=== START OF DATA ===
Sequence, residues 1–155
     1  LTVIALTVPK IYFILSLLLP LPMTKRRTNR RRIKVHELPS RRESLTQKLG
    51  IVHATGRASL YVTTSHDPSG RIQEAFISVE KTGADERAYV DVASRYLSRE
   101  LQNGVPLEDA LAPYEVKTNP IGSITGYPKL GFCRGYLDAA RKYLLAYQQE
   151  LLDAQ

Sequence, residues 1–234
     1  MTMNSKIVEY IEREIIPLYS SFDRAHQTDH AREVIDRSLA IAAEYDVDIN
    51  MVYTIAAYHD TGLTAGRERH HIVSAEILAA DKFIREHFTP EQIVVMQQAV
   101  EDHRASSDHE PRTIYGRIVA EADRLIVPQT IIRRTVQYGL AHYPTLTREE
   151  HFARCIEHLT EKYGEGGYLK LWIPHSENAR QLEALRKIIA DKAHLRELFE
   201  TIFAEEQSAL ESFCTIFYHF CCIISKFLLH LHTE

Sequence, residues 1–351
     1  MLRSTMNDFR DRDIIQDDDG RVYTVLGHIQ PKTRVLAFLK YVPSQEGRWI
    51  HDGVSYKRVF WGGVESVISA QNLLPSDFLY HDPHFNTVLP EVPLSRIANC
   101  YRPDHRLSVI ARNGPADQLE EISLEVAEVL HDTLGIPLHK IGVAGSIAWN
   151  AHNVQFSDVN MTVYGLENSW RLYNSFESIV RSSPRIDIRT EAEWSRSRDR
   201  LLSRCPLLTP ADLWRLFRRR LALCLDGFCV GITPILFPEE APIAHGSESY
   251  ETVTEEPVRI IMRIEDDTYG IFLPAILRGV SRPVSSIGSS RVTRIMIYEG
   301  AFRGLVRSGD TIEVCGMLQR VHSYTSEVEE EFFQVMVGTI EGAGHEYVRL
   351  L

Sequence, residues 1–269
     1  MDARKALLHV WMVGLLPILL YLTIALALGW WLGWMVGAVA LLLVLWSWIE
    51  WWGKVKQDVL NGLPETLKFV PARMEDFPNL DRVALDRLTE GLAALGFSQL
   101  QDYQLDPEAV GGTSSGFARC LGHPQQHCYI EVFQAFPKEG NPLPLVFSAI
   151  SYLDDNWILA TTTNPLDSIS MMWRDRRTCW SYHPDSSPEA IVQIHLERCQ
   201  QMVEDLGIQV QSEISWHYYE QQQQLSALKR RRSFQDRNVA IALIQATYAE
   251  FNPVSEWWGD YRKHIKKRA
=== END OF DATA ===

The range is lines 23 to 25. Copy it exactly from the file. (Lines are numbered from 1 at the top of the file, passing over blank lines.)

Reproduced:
    51  WWGKVKQDVL NGLPETLKFV PARMEDFPNL DRVALDRLTE GLAALGFSQL
   101  QDYQLDPEAV GGTSSGFARC LGHPQQHCYI EVFQAFPKEG NPLPLVFSAI
   151  SYLDDNWILA TTTNPLDSIS MMWRDRRTCW SYHPDSSPEA IVQIHLERCQ